‘Development’ is a term which has been linked to widely diverging meanings. Predominantly, it has broadly referred to a process of positive social change which has been achieved in ‘developed’ countries and is yet to be achieved in ‘developing’ countries. A critical perspective on the enterprise of ‘development’ is necessary in order to situate it within a context of political, economic and cultural power relations, but this perspective lacks awareness of its own contingency. A poststructuralist perspective is useful to trace the links between signifier and signified in ‘development’, and to denaturalise the concept, but lacks political commitment. Consequently, a synthesis of these perspectives is needed to analyse ‘development’ in a way that is both theoretically adequate and politically meaningful.
Development Studies in universities continues to flourish and paradoxically so in a period of hegemonic neo-liberalism which seems to subvert key assumptions and commitments on which Development Studies was established as a field of academic attention, not long ago. The paper will examine this and other paradoxes in terms of the underlying tensions that generate them. On one hand, those tensions manifest different kinds of boundary issues: intellectually between Development Studies and the established disciplines (and traditions) on which it draws; practically and politically between the conventions (and conditions) of scholarly inquiry and the demands of agencies that do development (governments, aid donors, various international organisations). On the other hand are issues of how tensions between instrumental and reflexive knowledge (as formulated by Michael Burawoy) are internalised within Development Studies, and with what effects.
This paper presents some thoughts on the ambivalences, contradictions and assumptions in Development Studies and raises concerns about how the field writes and rehearses its history and future, and how it identifies its field of study. It foregrounds the problems associated with foundational dichotomies and distinctions within development and examines the constraints, and possible ways forward, for creating a critical space for development to interrogate the ideologies, processes and practices of globalisation and neoliberalism.
Since the establishment of Development Studies at several European universities at the end of the 1960s, these institutes evolved from an amalgam of left-inclined students and professors towards representatives of an established academic discipline. The author critically reflects upon the transformations that have taken place over that period. In doing so, he first outlines the foundational characteristics of Development Studies and then gives a subjective account of the current situation. In his view, contemporary Development Studies are challenged by 1) a market logic which has penetrated academia and stands in a contradiction to the critical contents of Development Studies and 2) the material and discursive processes of globalisation which require a shift in analytical perspective, disciplinary approach and methods. When addressing the future perspectives of Development Studies in the concluding part, the author argues for a return to a critical research tradition. Critical theory within Development Studies should incorporate new analytical schemes to analyse the economic, political and socio-cultural realities of globalisation. At the same time, Development Studies should not be afraid to reassert a normative approach. That quest might well take us towards a sort of neo-dependency paradigm.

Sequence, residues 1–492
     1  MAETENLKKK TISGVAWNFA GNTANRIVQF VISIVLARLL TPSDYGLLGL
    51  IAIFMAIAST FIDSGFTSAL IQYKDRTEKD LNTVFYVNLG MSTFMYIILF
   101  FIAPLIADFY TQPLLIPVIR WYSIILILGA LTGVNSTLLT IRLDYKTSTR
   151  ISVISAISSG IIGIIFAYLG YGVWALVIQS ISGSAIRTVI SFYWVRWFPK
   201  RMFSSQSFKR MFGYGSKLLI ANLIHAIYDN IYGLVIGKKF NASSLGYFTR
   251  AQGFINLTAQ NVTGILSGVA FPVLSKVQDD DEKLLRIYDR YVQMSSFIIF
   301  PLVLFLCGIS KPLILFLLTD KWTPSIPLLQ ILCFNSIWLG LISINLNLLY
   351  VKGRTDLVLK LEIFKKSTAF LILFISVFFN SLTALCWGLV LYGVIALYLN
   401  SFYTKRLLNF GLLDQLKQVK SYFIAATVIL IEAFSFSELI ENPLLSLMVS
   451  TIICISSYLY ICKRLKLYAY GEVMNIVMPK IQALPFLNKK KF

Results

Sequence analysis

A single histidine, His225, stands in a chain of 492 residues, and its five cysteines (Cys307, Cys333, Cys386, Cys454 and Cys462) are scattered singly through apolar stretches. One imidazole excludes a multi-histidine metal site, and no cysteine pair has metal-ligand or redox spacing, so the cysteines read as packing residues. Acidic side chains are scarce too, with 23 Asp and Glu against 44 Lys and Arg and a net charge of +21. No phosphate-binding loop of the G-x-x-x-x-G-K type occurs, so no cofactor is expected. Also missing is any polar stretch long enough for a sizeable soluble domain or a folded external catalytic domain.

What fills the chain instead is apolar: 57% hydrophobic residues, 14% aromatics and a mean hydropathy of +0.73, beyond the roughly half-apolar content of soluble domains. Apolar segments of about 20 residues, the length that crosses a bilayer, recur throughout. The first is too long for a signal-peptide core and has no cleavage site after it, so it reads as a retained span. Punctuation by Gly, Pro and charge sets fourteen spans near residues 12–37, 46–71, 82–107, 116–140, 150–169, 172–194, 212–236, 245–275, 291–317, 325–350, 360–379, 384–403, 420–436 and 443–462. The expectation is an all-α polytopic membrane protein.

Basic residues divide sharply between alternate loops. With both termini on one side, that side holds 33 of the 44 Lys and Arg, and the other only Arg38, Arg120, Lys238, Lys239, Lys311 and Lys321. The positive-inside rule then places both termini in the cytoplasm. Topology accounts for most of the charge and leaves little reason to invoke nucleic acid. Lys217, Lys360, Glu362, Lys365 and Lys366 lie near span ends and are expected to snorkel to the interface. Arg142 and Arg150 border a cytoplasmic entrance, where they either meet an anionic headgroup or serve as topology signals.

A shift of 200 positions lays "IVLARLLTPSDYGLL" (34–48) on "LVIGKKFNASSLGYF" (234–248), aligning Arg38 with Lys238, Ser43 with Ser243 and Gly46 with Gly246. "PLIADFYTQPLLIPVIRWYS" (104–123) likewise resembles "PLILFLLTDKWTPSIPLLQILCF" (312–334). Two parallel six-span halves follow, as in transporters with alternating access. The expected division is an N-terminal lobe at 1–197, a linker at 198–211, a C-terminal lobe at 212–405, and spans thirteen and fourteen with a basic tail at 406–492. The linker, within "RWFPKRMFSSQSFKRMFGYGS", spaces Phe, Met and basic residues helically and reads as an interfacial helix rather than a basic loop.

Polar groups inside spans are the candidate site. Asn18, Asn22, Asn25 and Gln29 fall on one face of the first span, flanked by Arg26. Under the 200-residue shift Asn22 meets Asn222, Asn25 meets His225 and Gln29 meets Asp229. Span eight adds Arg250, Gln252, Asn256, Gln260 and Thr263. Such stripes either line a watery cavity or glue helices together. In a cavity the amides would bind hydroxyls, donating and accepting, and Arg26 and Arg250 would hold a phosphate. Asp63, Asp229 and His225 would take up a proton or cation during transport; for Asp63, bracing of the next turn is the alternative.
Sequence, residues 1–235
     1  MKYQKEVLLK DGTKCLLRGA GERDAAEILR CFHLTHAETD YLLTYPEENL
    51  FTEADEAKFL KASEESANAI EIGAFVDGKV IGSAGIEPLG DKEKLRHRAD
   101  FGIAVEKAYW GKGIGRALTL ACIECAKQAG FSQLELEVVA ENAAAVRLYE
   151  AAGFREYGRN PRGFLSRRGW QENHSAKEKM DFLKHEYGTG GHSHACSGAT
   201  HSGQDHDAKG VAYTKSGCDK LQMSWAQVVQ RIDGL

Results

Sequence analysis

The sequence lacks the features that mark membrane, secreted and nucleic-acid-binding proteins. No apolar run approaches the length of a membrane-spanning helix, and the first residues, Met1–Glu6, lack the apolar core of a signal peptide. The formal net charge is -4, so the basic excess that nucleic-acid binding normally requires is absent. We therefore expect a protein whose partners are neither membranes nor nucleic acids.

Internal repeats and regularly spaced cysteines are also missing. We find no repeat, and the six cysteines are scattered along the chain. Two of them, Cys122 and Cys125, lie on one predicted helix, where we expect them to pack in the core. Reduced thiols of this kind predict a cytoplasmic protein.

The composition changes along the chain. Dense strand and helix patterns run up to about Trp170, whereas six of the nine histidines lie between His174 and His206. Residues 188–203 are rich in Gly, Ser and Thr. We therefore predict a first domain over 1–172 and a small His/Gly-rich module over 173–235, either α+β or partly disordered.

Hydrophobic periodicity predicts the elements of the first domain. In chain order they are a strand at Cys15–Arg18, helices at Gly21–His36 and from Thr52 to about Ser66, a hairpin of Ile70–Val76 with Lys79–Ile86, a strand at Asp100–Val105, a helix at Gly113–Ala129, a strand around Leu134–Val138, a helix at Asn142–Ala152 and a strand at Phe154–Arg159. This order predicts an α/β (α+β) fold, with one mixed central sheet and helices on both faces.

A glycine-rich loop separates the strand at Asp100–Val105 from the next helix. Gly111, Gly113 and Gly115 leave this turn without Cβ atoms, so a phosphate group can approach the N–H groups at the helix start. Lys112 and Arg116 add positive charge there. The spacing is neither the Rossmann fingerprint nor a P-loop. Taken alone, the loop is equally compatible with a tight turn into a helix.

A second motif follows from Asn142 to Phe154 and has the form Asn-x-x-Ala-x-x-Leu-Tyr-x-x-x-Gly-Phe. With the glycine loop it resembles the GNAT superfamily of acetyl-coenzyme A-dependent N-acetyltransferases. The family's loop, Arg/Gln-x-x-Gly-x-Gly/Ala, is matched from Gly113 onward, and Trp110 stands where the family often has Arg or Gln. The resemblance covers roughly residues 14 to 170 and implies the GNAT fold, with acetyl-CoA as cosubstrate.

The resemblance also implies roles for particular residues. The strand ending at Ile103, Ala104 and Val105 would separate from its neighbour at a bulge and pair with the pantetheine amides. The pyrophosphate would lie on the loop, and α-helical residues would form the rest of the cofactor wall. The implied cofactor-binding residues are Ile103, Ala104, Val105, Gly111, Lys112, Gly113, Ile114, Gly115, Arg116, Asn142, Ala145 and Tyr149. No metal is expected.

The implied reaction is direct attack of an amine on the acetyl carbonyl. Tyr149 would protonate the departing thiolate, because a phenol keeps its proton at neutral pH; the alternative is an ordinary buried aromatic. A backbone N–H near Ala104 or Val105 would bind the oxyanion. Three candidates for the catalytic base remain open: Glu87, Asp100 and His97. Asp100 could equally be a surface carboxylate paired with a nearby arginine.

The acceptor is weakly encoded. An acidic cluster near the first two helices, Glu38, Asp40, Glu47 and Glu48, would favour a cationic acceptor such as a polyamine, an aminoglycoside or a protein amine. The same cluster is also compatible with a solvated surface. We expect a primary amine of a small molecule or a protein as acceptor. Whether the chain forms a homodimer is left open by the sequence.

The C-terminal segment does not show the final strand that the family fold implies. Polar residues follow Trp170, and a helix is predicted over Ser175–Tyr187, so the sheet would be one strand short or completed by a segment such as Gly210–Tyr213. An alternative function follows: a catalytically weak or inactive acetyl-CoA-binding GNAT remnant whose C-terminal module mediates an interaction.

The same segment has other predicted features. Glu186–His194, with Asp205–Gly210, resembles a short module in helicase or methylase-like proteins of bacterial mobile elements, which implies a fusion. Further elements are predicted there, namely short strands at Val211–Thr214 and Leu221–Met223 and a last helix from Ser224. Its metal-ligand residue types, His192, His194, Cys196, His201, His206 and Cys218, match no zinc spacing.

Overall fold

This article provides an overview of past and present debates relating to the essential terms and role of development research. It starts by briefly exploring the paradigm shifts in (research on) international relations from post-colonial area studies and the evolution of development research from the second half of the twentieth century until today. It considers their interrelationship and links to various past and newly emerging development challenges. The authors argue that global paradigm shifts posed a number of fundamental challenges to development research and the profession had to re-think its role and acquire competencies accordingly. The second part considers how to make development research more relevant for the twenty-first century. Today, the prospects for development research are much better than usually acknowledged, for a host of different reasons. However, development research needs to develop new ways and strategies in order to address complex inter-related problems in the era of globalization as well as changing donor-recipient relationships. This is even more important since policies regarding the Millennium Development Goals would seem to be insufficient in the future. New threats such as security risks or climate change and the emergence of China and India must be considered carefully.
The article discusses the role of the developmentalist project within an African context, such project being part both of the national liberation struggles and the descent of most post-colonial states into authoritarianism and economic crisis. Special emphasis is given to the problematic role of Western prescriptions that shaped the fate of the continent from the modernization approach to the neo-liberal orthodoxy. As a consequence, the article calls on African social scientists to find new, independent and imaginative ways of thinking about development.